Unfortunately for our former Prime Minister, this was anathema to her Home Secretary. Suella Braverman was (and is) determined to get migrant numbers down. It was her attempt to share Truss’s proposals with concerned backbenchers that resulted in the farce of her six-day absence from the Home Office.
That Braverman is back, and Truss is not, shows she reflects a bigger chunk of MPs’ opinions than her former boss. Ministers may argue Brexit was about taking control of our migration system, not numbers. But, even if views are softening, voters have long wanted fewer immigrants. Truss would never have got a liberalisation of our immigration system past Tory MPs elected on a manifesto committing to that, and whose constituents stare agog at the unfolding Channel crisis.
Rightly so: years of cheap labour have merely encouraged under-investment in technology, alienated millions of voters, and allowed ministers to massage employment statistics. A lack of migrants is not responsible for worker shortages – the surging number of those on out-of-work benefits is. Getting the long-term sick back into work is no easy task, so we must turn to our other clunking supply-side fist: planning reform. Very few Tory MPs will publicly say they want more migrants, but few can shirk that they represent a party nominally committed to a property-owning democracy.
Planning reform was the only major supply-side reform proposed by Boris Johnson’s government. It was on life support after MPs first realised that making it easier for people to live where the jobs are might mean a few more houses built in the South-East – heaven forbid – and was killed off by the Chesham and Amersham defeat. Not content with simply leaving our appalling planning system as it is, some MPs now want it to be made actively worse by scrapping the measures introduced since 2010 which have quietly got us towards 300,000 new homes a year.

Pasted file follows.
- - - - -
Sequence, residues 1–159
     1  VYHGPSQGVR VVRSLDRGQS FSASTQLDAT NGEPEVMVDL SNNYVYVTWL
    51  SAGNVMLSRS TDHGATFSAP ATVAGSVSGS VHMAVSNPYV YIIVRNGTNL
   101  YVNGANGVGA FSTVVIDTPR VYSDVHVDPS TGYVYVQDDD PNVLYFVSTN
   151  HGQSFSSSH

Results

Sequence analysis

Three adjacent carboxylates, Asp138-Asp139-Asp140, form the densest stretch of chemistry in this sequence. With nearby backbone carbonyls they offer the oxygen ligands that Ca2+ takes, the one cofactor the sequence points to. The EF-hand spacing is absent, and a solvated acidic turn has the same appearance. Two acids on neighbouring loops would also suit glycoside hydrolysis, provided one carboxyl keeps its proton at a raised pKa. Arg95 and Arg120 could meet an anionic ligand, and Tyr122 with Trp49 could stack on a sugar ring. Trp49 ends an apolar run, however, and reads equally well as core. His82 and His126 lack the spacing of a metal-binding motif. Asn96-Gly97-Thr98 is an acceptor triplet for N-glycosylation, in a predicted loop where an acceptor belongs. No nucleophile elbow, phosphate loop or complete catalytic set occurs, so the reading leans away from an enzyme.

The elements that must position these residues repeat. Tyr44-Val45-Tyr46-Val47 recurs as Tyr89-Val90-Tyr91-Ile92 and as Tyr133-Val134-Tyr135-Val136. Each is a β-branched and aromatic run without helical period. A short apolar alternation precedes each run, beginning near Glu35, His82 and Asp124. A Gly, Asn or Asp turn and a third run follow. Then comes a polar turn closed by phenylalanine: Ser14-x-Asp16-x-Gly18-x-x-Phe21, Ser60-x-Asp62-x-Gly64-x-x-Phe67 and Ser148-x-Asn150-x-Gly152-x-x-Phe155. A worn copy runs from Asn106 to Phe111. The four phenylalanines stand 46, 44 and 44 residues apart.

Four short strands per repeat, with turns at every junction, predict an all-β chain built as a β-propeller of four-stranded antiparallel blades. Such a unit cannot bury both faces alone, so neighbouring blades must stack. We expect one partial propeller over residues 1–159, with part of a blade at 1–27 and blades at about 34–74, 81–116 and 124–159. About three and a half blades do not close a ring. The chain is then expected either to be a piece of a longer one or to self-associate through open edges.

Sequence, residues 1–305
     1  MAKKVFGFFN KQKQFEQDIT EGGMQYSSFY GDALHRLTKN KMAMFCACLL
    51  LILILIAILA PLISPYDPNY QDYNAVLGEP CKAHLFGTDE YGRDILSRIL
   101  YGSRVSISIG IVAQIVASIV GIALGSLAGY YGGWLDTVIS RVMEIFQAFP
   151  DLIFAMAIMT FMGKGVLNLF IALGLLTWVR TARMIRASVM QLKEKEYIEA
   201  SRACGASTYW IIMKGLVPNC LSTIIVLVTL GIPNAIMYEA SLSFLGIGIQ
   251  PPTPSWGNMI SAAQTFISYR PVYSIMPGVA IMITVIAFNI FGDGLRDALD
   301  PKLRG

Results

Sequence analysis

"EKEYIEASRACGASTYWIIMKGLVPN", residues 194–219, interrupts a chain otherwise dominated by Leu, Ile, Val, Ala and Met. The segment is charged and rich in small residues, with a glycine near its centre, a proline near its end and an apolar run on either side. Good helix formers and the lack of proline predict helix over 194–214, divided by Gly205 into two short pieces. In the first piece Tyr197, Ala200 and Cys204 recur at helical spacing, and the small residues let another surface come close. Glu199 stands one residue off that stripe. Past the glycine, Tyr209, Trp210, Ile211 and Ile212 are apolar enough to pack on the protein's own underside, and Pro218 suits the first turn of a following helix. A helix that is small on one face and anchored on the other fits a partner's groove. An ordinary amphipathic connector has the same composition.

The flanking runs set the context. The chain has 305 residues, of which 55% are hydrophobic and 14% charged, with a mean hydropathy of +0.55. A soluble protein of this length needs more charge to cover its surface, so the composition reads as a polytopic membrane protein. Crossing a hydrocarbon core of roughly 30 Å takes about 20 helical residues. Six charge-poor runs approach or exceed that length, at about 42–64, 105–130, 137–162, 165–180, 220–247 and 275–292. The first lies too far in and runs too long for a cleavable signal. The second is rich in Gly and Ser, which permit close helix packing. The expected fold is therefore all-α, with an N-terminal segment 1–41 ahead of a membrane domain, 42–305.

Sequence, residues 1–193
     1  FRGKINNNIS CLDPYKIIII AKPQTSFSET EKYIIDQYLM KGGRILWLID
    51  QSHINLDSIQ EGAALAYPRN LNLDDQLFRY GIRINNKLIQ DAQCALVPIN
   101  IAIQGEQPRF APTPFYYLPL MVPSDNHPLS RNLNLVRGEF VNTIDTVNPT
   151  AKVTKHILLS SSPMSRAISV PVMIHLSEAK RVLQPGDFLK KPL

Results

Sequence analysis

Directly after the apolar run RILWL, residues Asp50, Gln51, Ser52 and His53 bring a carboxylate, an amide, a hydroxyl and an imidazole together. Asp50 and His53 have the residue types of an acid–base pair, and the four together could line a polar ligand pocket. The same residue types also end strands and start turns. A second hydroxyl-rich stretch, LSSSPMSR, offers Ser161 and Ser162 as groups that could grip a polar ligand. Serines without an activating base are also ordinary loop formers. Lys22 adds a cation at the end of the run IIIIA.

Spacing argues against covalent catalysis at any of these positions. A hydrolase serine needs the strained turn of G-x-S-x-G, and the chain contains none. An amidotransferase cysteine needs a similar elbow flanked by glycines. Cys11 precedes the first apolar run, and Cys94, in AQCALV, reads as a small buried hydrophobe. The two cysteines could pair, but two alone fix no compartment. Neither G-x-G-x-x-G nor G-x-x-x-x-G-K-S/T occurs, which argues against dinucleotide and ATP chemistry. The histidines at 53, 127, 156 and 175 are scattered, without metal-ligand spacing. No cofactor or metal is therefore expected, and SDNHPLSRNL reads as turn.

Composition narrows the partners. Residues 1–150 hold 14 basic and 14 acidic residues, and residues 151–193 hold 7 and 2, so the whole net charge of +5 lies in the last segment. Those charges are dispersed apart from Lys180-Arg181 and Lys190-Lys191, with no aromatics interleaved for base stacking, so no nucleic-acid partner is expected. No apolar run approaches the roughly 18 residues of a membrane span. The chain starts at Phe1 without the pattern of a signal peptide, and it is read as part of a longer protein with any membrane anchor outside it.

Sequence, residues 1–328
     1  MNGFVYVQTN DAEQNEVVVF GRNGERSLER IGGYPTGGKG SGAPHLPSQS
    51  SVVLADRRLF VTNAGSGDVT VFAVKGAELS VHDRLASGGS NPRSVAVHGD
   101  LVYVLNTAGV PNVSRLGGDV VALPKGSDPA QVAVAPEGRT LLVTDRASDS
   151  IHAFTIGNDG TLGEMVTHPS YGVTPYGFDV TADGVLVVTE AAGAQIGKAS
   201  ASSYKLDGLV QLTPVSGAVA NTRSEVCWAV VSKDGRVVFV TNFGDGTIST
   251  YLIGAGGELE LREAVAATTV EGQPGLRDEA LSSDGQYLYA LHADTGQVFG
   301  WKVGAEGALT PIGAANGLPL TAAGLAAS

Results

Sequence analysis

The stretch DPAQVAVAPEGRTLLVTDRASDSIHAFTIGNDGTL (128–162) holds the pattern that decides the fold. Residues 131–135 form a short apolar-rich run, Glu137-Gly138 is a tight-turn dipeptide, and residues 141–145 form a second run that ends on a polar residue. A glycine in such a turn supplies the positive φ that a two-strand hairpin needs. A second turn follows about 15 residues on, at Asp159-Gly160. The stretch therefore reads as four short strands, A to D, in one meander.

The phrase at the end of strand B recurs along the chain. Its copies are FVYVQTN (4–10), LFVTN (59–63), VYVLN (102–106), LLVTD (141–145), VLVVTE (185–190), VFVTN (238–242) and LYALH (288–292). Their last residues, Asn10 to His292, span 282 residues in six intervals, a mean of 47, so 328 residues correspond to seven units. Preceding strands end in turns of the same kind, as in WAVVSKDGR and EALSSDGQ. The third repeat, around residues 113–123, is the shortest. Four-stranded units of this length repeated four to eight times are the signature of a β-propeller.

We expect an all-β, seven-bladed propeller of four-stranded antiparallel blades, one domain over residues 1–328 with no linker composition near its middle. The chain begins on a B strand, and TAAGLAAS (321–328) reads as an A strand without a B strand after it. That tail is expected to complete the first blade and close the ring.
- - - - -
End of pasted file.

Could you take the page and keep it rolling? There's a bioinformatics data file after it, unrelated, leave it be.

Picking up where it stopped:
In this, they were only aping one Elizabeth Truss. In 2019, Truss was telling all and sundry that she wanted to build on the green belt. By 2022, she was pledging to ditch “Stalinist” housing targets and to strengthen local consent – the power, in layman’s terms, to protect industrial scrubland and supermarket car parks from ever providing homes for young families. Scourge of the Anti-Growth Coalition? More like Queen of the NIMBYs. Stanley Baldwin, where are you now?
Opposing planning reform is the ultimate anti-growth move. Not only because housing costs feed into everything else, or because the 1947 Town and Country Planning Act is one of those outcrops of post-war socialism that still poison our national life. No, it is because, in the absence of room for tax cuts or consent for more immigration, it is a stimulus to economic activity that does not involve giving the City heart palpitations. It is also essential if we ever want to convince anyone under the age of 40 to vote for us. Forcing the agenda off the table was the “ultimate political short-termism”, in the words of the Prime Minister’s new Political Secretary.
But to MPs who can back Truss’s pro-growth agenda one month and support scrapping house targets the next, this contradiction does not appear to register. They are indicative of a wider trend. Tory MPs like growth in the abstract, but they are unwilling to make the hard and unpopular political choices required to reach it. And so our party rushes headlong into irrelevance, with MPs congratulating themselves on preventing homes and flats from being built whilst being predicted to lose their seats by 30 points.
If MPs really want to deliver growth, they should confess their NIMBY sins, learn a thing or two from our Canadian cousins, and follow Cato’s example. I dropped Latin before GCSE, so I won’t try to translate my proposal. But if you want growth, there is surely no better slogan than that the Town and Country Planning Act must be destroyed.